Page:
One thing to bear in mind, though: You usually first need to find a camp that's willing to take your child - most of these organizations send the scholarship money to the camp in the child's name, not to the parents directly.
Questions to Ask
So, how do you narrow down your choices and pick the camp that's right for your child? Some basic and special-needs-specific questions you'll need to have answered include:
* How long are the sessions? * What's the cost? Are scholarships available? * Is it coed, girls-only, or boys-only? * What's the age range of campers? * Where is it located - and how far away from your home is it? * What's the staff-to-camper ratio? * How old are most of the counselors? * What type of certification do the counselors have? * What's the turnover rate? Do kids and staff come back? * What's the camp's philosophy? Does it fit with your goals for your child? * What's the camp's transportation system like? * If physical accessibility is an issue, what's the layout of the camp? What provisions has the camp made (or can it make) for wheelchairs or crutches? * If your child needs a special diet, can the camp provide appropriate meals? If not, can you provide food for your child? * Do staff members have a background working with kids with special needs? * Do the counselors have first-aid training? * What kind of medical staff is available in the infirmary and during what hours? Can the staff administer any medications your child needs? * If your child has behavior problems, what's the training and experience of the available staff to help? And how does the camp staff handle behavioral problems? * What's the procedure if your child develops a complication related to his or her medical problems? How far is the nearest hospital? If your child needs specialized treatment, is it available at that hospital?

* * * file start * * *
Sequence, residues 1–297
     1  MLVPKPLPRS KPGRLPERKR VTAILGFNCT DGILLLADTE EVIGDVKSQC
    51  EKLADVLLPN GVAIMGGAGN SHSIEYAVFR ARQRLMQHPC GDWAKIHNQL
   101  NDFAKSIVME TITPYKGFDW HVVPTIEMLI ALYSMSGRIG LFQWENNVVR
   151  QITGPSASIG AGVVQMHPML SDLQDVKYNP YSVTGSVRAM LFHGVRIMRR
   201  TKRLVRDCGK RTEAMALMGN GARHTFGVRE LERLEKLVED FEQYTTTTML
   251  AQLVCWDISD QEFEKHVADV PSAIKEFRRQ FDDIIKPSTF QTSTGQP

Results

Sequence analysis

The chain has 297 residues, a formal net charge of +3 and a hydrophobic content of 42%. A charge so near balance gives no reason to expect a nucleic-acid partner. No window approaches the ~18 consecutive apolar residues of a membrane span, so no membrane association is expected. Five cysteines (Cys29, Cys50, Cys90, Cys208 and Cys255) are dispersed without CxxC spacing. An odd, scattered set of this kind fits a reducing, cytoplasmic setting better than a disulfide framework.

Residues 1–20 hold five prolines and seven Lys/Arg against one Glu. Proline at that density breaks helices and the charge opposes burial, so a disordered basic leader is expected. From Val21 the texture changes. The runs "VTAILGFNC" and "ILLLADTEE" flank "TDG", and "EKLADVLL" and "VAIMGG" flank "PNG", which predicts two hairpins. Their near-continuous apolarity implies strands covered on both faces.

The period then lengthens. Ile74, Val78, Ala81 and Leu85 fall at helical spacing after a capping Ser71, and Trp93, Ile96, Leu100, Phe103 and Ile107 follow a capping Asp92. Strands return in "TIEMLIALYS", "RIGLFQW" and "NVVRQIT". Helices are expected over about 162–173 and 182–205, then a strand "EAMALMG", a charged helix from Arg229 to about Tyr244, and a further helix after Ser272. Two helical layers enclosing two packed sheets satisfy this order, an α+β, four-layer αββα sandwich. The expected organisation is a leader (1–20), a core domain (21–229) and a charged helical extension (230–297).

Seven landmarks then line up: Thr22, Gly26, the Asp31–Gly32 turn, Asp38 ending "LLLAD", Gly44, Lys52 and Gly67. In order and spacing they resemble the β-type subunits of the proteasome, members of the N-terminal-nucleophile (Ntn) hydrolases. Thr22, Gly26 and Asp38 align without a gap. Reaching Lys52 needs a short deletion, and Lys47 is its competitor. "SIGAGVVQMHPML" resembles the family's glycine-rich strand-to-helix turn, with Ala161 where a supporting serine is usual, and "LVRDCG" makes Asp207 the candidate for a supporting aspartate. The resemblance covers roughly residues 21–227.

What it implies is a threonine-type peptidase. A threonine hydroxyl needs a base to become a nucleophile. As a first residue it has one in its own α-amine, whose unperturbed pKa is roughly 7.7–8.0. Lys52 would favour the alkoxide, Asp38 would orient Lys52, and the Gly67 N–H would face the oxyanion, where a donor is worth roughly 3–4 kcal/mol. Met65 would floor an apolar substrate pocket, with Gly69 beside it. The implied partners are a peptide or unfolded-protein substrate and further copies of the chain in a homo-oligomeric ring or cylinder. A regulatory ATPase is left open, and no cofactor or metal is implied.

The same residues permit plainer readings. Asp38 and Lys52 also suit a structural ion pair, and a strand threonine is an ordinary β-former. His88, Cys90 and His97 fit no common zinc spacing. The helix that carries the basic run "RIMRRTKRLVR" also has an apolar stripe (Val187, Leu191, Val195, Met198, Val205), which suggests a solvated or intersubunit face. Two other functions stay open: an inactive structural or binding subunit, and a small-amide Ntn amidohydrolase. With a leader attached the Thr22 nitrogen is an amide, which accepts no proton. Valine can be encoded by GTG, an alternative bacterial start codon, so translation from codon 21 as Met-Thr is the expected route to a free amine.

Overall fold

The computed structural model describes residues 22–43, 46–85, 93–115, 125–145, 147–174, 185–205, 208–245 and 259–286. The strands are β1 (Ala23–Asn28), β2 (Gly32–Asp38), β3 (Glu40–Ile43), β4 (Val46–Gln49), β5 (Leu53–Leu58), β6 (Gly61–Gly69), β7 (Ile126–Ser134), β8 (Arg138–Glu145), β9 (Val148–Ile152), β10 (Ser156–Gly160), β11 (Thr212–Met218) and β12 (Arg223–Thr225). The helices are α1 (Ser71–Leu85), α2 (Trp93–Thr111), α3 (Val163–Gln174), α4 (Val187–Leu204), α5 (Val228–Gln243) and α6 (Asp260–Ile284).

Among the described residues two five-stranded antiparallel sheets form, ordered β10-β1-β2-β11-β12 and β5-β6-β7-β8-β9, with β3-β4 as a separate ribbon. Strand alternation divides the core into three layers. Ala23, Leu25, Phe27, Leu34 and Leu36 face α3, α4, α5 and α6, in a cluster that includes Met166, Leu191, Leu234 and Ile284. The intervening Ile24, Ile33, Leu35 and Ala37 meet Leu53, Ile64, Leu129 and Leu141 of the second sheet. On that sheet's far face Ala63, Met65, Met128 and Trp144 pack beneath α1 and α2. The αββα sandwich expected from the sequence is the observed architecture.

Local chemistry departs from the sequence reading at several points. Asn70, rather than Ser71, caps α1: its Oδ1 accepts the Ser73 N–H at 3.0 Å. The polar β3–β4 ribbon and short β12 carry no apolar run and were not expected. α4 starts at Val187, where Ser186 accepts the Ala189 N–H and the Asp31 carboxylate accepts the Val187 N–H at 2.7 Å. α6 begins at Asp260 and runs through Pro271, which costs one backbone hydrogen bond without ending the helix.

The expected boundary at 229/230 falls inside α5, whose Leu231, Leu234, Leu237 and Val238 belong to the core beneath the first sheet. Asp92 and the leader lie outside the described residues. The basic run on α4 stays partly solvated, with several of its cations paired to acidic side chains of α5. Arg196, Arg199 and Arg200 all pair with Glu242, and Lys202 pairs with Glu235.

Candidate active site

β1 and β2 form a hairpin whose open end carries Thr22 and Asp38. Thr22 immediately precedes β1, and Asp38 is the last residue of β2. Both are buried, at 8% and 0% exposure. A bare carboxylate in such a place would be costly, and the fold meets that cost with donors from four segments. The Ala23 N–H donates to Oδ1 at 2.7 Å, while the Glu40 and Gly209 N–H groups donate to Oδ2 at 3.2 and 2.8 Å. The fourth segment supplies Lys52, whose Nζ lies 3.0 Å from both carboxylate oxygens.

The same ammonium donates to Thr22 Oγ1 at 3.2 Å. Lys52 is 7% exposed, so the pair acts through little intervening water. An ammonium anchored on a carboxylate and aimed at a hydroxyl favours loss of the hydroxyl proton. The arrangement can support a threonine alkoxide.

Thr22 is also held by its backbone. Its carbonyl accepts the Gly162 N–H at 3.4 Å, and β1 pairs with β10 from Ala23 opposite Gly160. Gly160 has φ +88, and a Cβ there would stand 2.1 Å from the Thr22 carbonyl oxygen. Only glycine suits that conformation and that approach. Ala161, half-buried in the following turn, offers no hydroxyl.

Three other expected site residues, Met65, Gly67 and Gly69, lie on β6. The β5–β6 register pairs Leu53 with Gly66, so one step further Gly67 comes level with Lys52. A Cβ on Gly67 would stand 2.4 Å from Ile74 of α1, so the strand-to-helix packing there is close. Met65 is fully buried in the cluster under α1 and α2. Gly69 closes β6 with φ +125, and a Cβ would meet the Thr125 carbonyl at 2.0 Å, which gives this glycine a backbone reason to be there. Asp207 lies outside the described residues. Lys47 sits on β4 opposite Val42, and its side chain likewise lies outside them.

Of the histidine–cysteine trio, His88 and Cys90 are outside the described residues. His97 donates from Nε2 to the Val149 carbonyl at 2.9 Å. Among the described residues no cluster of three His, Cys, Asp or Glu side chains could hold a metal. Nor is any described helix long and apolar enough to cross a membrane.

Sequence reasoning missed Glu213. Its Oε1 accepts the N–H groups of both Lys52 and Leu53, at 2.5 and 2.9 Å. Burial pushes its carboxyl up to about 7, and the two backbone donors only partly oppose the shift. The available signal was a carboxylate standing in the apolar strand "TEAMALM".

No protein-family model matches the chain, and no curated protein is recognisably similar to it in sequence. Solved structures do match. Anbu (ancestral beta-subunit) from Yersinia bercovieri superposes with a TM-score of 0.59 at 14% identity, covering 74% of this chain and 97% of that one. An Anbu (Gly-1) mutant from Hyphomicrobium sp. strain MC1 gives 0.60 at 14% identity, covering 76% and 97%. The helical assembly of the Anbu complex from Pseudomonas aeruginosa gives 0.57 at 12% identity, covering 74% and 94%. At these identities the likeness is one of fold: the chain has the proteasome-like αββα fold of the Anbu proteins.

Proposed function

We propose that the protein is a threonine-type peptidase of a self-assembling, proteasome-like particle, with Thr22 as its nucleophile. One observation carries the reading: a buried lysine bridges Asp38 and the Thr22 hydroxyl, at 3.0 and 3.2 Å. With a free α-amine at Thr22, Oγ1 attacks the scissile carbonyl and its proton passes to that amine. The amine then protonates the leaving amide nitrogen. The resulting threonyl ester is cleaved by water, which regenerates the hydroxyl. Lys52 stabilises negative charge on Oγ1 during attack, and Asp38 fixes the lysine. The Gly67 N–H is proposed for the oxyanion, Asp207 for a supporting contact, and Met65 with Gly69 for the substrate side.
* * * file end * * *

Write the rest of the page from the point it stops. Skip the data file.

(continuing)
Although you can get some of this information through phone calls, emails, brochures, and websites, experts recommend visiting the camp. You can talk to the director, visit the site, and get a comprehensive picture of where your child will be.
Probably the only way to get a true feel for the camp is for you and your child to visit it together. This is especially important if your child is going to a regular (inclusionary or mainstream) camp where they haven't dealt with many children with special needs, because it gives you the opportunity to point out changes they might need to make and to gauge the reaction of the camp's staff to your requests.
If you can't visit a camp, interview the director and some staff members to get a feel for the place. Ask them to describe the physical layout and the kinds of activities your child will do. You should also ask to speak with other families whose children have attended the camp to see what their experiences were like. In fact, word of mouth is one of the most effective ways to find out what you need to know about each camp.
As you're trying to figure out which camp is best, just remember that whatever the special need, there's likely a camp out there to suit your child. With some research and understanding between you, your child, and the camp director, your camper-to-be will likely be well on the way to having a summer he or she will probably never forget.